I’m writing today from a cozy spot in the heart of Manhattan. Several times a year, I make a one or two day pilgrimage to New York City to visit my voice teacher and have a tune up, so to speak. Congregants are often surprised to learn that I still take voice lessons and are even more surprised that I remain with the same teacher after nearly 8 years, working together over skype and in person. I usually ask in response, “Do professional athletes have coaches? Do you think they have trainers?” Of course they do and so must professional singers.

I stood in Candace’s studio, just an hour or so ago, and as we started the familiar exercises, I was flooded by memories. I remember the first time I sang in this room. I remember the endless hours of frustration. I remember the successes. Those memories and feelings immediately call forward memories of the other parts of my life during those early years, the years when I spent one hour a week in that room and countless more practicing. I think of friends and school and work and commuting and dreaming about what the future might hold. Outside of the window, I notice that the sign across the street has changed, and I am back to the present.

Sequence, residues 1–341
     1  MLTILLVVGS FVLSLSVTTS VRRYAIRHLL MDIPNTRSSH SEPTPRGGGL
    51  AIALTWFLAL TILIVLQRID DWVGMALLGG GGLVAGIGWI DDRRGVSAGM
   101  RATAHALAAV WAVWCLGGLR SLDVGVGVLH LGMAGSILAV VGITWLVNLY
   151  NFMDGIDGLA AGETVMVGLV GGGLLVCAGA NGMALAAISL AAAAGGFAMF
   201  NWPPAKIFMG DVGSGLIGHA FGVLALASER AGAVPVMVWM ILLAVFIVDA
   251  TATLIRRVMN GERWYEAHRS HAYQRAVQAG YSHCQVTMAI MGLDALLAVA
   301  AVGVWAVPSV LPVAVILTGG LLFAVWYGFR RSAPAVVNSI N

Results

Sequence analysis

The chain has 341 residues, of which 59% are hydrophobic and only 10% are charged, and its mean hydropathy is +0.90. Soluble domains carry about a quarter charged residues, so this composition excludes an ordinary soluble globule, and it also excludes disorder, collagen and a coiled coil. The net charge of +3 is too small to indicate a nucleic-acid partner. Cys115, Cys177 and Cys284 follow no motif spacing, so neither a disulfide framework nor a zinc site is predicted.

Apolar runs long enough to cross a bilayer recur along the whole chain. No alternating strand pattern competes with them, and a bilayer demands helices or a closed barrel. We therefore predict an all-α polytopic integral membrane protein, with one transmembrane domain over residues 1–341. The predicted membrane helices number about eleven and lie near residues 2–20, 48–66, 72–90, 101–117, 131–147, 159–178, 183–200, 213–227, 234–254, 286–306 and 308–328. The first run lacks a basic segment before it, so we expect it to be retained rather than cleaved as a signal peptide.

My spot behind my teacher’s piano is one of the places where times collapses. Suddenly, all that was, was imagined, or might still come to be comes together into a single point of focus. I am, somehow, more myself and my potential self is more fully realized. These are deep memories – they are experiences that formed me and help me remember my past and to imagine my future.

Rabbi Abraham Joshua Heschel wrote in his work The Sabbath that Shabbat is when we “collect, rather than dissipate time.” During the week, we dissipate time. We annihilate time as we race from one obligation to the next, focus on meeting our needs and the needs of those around us: gym, groceries, emails, meetings, deadlines, and alarm clocks.

But on Shabbat, moments are stretched longer and conversations linger. We are taught that shabbat is a mystical folding-in of all that was, is, and might come to be. Shabbat is a time when we sense the eternality of our people. When, if we stop long enough to tune-in, we feel the sanctity of lives lived before our own and lives that are yet to be. This is an awareness gained from slowing down, sitting back, and listening deeply that assures us that we are not alone, never have been, and are part of a great history past and story yet to be written. Shabbat is our collection of these moments, stacked one a top the other into a deep trove of memories and experiences.